In Review: Torchwood – Rift War

Torchwood: Rift WarWhen Titan Magazines launched Torchwood The Official Magazine in January 2008, they chose to follow the example of Panini’s Doctor Who Magazine and include a comic strip. While the Doctor Who comic strip is an historical remnant of Doctor Who Magazine’s beginnings as the Doctor Who Weekly comic, a comic strip in the magazine of the more adult orientated Torchwood was seen as a brave move on editor Simon Hugo’s part. It did raise a few eyebrows when in the first issue’s comic strip The Legacy Of Torchwood One artist SL Gallant drew the story’s main guest star as actor and comedian Bill Bailey while the lack of a comic strip in issue 2 left readers wondering just what was going on. However it was back in issue 3 while issue 4 began the ten part Rift War story arc. Titan’s Rift War graphic novel is the first compilation of that comic strip and features the ten part story of the same title plus Jetsam, the Brian Williamson written and illustrated story from issue 3 concerning gigantic alien motorcycles.

Despite the photographic front cover only featuring the season three cast, the stories are set before the deaths of Owen and Toshiko in season two. Cardiff is attacked by the Harrowkind alien warriors who came through the Rift and as the Torchwood operatives battle them they soon realise that it is a diversionary tactic to steal the Rift Manipulator from the Hub. Tosh recovers the manipulator with the help of the alien Vox who remains at Torchwood as he is on the run from the Harrowkind’s masters, the Sanctified. After a few less violent Rift disturbances the Sanctified attack once again and Torchwood have to decide if their enemy’s enemy can really be called their friend.

While the ten episodes are all called Rift War this is more of a story arc than one subdivided story with some of the episodes in the middle having little to do with the main plot. Of the different episodes the odd Funhouse, in which a giant alien baby is cared for by Gwen and Rhys, sits most uncomfortably amongst the rest while Dino Crisis, as fun as it is, would have made a better Primeval story that a Torchwood one. However the stories are at their best when in full Rift War mode with each eleven page monthly episode becoming part of the greater story as our heroes battle their unseen enemies. The stories here depend more on the full team than the TV series, with its emphasis on Gwen’s character, does and while some episodes feel that they could be made on a television budget others are deliberately more outlandish.

The original publication in the then monthly magazine was A4 size but here the pages have been reduced to an American size for this softcover graphic novel. While it therefore sits comfortably with the modern American IDW Doctor Who reprint books, it feels out of place beside the British Panini Doctor Who Magazine reprints that you would have expected it to fit better with. In addition to this, while the creators of the strips are all credited at the front of the book there is no credit breakdown per episode. Since most episodes are preceded by an effectively blank page it would have taken little extra effort to credit the writers and artists at the beginning of each section that they worked on the in the same way that, for instance, Rebellion does in their Nikolai Dante reprint books.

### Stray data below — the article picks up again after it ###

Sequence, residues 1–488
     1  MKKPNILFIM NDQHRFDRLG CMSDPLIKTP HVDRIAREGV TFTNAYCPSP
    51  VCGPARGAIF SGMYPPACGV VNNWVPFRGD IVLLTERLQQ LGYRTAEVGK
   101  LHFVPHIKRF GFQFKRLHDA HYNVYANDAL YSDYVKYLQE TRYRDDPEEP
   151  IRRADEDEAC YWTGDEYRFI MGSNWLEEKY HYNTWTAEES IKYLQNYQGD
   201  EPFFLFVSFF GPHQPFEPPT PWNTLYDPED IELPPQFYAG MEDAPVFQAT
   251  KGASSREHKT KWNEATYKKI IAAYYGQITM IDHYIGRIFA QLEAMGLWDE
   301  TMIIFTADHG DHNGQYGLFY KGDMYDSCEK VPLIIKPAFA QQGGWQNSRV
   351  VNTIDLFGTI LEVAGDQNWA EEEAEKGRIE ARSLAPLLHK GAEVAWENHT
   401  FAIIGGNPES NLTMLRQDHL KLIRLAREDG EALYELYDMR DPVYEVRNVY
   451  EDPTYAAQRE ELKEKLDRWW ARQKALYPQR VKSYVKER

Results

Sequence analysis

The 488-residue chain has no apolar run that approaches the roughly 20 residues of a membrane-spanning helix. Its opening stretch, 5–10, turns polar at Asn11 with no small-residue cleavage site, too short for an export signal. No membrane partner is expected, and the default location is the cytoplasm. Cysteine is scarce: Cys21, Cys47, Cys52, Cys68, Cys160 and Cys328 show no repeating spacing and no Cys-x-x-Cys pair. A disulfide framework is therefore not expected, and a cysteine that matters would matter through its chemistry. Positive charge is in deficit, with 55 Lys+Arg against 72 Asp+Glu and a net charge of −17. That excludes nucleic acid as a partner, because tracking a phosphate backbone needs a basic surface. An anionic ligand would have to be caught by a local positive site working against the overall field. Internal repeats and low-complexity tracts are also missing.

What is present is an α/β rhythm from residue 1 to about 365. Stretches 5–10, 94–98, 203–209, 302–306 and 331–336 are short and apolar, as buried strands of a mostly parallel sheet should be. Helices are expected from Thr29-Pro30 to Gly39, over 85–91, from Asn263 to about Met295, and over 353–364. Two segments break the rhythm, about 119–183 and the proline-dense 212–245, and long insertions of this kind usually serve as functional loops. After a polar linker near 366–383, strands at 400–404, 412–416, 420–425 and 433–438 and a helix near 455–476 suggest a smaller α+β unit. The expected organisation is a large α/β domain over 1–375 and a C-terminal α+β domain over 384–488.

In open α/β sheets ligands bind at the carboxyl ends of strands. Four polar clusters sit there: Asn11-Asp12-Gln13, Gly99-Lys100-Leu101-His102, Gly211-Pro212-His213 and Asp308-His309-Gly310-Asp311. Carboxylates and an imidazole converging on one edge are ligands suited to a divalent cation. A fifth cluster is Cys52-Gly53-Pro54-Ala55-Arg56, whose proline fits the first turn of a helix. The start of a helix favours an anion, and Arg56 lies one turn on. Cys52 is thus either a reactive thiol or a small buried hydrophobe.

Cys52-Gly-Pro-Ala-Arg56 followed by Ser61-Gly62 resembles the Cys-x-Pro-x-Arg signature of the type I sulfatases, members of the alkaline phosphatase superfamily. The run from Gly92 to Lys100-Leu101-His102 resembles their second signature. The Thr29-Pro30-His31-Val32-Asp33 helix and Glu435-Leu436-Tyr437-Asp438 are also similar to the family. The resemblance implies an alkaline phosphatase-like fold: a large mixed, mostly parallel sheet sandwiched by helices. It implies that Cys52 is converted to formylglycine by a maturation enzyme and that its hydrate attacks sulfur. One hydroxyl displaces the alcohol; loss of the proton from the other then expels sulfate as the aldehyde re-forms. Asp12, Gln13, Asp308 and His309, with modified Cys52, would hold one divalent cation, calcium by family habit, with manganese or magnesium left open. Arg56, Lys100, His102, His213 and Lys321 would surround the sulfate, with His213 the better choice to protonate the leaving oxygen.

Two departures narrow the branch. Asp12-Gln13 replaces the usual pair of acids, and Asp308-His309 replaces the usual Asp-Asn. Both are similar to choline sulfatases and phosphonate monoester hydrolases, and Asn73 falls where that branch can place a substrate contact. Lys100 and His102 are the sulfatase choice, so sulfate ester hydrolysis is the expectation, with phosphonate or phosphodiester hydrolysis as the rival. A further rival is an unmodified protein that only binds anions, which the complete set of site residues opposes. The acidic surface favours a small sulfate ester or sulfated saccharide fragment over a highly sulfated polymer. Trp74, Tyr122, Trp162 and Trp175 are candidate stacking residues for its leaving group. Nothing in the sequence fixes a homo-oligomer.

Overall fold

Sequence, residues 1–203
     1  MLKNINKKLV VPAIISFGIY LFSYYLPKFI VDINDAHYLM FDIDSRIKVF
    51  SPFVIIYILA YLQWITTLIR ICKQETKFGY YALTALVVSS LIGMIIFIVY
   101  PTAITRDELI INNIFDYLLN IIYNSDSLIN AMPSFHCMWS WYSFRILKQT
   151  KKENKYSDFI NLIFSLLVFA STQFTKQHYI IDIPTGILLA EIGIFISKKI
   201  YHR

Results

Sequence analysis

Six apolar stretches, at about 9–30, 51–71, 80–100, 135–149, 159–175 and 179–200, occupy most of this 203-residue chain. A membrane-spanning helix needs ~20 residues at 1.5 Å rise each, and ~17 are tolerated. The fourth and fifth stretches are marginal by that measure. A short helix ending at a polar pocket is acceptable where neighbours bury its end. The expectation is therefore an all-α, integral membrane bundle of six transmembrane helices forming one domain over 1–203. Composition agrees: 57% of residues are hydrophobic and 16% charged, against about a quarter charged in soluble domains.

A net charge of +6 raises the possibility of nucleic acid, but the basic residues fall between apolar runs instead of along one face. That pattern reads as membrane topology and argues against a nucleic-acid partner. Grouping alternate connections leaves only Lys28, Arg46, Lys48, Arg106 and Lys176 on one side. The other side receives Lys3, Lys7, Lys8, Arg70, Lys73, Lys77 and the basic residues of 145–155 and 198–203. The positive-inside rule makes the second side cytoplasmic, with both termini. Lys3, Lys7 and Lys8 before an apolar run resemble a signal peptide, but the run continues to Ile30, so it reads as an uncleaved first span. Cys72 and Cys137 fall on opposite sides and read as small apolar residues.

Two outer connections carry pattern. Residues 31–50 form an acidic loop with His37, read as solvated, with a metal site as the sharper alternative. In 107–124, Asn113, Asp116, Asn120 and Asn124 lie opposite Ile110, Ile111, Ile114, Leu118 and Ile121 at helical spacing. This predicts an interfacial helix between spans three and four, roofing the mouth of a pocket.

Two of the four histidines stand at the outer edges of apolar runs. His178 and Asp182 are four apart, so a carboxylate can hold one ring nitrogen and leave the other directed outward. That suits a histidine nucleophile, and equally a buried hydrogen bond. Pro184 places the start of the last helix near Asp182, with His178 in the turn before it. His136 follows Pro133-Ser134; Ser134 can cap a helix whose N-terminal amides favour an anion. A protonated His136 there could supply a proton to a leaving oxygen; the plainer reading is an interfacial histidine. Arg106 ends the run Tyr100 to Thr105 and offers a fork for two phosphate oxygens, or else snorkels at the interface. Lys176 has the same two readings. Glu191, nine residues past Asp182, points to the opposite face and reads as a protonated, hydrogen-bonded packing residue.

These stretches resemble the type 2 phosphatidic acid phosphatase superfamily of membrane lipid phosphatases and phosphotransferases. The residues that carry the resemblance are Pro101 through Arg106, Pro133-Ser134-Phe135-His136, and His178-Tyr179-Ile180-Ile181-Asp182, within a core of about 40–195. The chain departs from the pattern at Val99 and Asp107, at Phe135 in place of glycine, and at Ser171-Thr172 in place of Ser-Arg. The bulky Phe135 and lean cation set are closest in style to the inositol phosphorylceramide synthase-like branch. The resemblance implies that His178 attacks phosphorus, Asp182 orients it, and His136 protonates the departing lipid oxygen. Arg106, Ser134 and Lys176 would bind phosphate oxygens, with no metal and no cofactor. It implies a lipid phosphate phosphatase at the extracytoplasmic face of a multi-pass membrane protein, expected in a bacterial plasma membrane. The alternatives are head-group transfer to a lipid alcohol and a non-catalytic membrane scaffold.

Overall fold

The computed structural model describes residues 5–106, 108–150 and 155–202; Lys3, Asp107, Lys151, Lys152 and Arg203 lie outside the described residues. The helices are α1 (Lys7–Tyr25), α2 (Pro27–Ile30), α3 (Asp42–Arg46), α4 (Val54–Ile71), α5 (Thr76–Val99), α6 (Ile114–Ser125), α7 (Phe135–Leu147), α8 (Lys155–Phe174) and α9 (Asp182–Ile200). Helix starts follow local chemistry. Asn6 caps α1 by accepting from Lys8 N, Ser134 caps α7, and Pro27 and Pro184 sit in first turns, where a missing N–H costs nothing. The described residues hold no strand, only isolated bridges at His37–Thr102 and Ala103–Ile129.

The credits are not as straight forward as you would expect, with Paul Grist illustrating six of the ten parts while only writing four, Simon Furman providing the scripts for the others, while one of Ian Edgington’s three stories is with SL Gallant rather than long time collaborator D’Israeli who does the other two. Wikipedia provides a better credit source than Titan do for the reprints in this book.

No doubt the photographic cover will have more people in shops picking the book up to browse through it than a comics cover would have, while the changing of artists throughout the book may prove to be a drawback for the non-comics fans. SL Gallant’s art would be the most accessible while Paul Grist’s and D’Israeli’s more extreme styles may prove to be a turn off to the non-comics reader, yet for the comics reader the opposite will probably be true. Indeed the story is at is best when Paul Grist is both writing and illustrating and this book really should be considered a must-buy for Grist fans.

Overall, the book makes a welcome addition to the comics Whoniverse particularly for those who are not quite interested enough to pay the monthly magazine’s cover price just for the comic strip.

Categories: British Comics

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